r over v is the fractional rate of outflow.
What are the units? This is volume per minute.
In other words, it's like cosine omega t.
I'm asking, how closely does the concentration in the tank follow C sub e?
Now, what would that depend upon?
We know that from the temperature thing.
So, this means, closely means, that the phase lag is, big or small?
Remember, you saw it here first.
r, yeah, we had that. Okay, see, I had it in high school too. That's the capacitance.
That's the voltage drop across resistance.
And, that has to be the voltage drop.
And then, there is some sign convention.
It's the second equation that really falls into the category.
Okay, what's the differential equation, which is going to be, it's going to govern this situation?
What I want to know is how much B there is at any given time.
So, I want a differential equation for the quantity of the radioactive product at any given time.
Well, what's it going to look like?
But, I'm interested in the rate at which it's coming in to B.
Okay, so how does the differential equation look like?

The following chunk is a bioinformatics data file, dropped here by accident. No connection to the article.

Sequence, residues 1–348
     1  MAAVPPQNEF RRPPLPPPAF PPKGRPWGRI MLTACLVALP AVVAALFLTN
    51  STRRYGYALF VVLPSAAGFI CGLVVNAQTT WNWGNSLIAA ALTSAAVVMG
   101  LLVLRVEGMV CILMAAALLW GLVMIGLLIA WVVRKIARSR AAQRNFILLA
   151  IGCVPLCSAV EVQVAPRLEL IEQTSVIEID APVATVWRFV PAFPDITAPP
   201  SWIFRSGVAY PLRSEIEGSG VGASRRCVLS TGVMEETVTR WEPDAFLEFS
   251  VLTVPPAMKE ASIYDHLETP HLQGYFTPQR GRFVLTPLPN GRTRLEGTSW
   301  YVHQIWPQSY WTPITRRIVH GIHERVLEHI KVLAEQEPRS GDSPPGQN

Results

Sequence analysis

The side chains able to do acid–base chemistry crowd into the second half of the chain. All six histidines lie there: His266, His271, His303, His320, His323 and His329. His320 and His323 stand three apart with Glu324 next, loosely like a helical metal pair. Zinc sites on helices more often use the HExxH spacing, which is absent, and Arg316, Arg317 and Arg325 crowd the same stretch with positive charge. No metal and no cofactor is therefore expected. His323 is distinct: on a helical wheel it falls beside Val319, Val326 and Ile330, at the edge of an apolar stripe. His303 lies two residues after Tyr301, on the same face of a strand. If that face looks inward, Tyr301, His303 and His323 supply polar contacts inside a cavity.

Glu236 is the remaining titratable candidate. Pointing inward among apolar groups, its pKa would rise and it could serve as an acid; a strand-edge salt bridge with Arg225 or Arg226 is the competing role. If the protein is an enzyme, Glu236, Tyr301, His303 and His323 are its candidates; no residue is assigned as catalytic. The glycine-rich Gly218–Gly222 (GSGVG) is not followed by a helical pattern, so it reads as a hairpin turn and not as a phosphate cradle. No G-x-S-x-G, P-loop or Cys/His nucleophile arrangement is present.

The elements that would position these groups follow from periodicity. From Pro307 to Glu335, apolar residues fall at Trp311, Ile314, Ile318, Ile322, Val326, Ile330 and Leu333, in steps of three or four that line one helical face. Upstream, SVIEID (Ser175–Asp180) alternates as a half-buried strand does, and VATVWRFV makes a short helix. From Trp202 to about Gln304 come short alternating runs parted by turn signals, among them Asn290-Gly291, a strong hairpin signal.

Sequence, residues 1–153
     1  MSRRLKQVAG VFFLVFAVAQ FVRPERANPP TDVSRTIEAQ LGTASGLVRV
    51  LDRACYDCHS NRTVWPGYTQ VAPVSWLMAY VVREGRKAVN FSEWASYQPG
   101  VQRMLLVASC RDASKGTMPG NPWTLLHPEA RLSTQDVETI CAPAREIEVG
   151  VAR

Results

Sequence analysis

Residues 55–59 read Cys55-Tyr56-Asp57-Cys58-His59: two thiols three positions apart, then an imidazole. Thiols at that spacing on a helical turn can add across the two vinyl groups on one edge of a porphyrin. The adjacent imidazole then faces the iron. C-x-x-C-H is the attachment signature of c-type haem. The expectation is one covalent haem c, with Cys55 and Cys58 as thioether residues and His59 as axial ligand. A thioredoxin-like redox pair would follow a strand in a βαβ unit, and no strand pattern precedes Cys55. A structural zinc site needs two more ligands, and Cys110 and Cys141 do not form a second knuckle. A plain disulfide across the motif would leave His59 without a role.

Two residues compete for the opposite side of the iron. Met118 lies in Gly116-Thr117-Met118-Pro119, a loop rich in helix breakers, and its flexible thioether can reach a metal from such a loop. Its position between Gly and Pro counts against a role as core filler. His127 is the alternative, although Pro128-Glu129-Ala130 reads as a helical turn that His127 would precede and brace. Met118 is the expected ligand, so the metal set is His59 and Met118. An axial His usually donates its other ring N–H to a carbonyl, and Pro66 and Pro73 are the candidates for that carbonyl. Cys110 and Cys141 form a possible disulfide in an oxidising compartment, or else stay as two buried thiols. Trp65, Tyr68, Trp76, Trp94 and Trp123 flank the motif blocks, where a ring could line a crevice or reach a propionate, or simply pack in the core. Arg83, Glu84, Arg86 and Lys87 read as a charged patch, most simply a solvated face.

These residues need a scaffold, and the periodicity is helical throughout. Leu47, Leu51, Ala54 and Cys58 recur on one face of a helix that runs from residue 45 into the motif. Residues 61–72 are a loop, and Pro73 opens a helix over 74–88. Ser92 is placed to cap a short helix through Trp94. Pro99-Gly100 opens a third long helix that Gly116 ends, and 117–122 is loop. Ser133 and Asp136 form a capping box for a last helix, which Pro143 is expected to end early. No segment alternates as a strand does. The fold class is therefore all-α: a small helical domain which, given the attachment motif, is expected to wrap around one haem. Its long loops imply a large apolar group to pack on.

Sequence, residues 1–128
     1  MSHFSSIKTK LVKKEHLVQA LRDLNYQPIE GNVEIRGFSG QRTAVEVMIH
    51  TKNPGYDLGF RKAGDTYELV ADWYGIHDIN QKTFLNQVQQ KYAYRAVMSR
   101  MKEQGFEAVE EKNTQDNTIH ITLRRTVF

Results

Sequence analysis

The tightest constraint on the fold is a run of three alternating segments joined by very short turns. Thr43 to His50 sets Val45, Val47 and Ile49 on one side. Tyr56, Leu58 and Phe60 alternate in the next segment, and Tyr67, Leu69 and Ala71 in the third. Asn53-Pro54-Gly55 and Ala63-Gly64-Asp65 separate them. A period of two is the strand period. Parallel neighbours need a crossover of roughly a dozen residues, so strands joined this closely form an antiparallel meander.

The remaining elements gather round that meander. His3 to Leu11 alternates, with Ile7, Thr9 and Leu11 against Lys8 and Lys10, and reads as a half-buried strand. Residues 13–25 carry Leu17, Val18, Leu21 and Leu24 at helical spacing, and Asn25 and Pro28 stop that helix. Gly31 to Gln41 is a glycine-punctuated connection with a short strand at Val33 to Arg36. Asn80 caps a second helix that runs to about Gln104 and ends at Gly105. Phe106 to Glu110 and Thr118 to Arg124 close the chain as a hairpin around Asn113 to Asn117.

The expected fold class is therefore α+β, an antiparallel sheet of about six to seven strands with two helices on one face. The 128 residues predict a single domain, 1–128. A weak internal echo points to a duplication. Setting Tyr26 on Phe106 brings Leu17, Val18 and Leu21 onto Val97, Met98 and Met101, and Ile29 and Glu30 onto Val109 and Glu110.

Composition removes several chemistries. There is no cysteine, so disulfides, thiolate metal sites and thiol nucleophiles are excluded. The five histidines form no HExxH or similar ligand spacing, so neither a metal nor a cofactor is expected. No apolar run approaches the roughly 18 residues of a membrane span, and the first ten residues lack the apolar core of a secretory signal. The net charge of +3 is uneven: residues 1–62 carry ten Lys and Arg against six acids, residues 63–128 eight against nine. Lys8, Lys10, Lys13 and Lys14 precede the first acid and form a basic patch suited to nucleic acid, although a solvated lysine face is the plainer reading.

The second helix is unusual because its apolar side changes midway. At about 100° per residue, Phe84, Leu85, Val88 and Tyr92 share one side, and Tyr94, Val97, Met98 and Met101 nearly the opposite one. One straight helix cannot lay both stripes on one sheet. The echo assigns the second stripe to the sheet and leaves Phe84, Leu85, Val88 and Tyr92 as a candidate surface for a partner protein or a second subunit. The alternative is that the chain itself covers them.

It looks like B prime plus k2 B equals an exponential, k1 A zero e to the negative k1 t.
But, there's no reason to expect that that constant really has anything to do with k2.
The technique of solving the equation is identical.
But, you cannot interpret. So, the technique is the same, and therefore it's worth learning.
So, the constant here is negative.
Then, when I solve, my k, in other words, is now properly written as negative a.
And therefore, this formula should now become not this, but the negative k is a t.
And, here it's negative a t. And, here it is positive a t.
Now, why is it, if this is going to be the solution, why are all those things totally irrelevant?
This is one of over 2,200 courses on OCW. Find materials for this course in the pages linked along the left.
MIT OpenCourseWare is a free & open publication of material from thousands of MIT courses, covering the entire MIT curriculum.
No enrollment or registration. Freely browse and use OCW materials at your own pace. There's no signup, and no start or end dates.
Knowledge is your reward. Use OCW to guide your own life-long learning, or to teach others. We don't offer credit or certification for using OCW.
Made for sharing. Download files for later. Send to friends and colleagues. Modify, remix, and reuse (just remember to cite OCW as the source.)
Learn more at Get Started with MIT OpenCourseWare
MIT OpenCourseWare makes the materials used in the teaching of almost all of MIT's subjects available on the Web, free of charge. With more than 2,200 courses available, OCW is delivering on the promise of open sharing of knowledge. Learn more »
© 2001–2015
Massachusetts Institute of Technology
Your use of the MIT OpenCourseWare site and materials is subject to our Creative Commons License and other terms of use.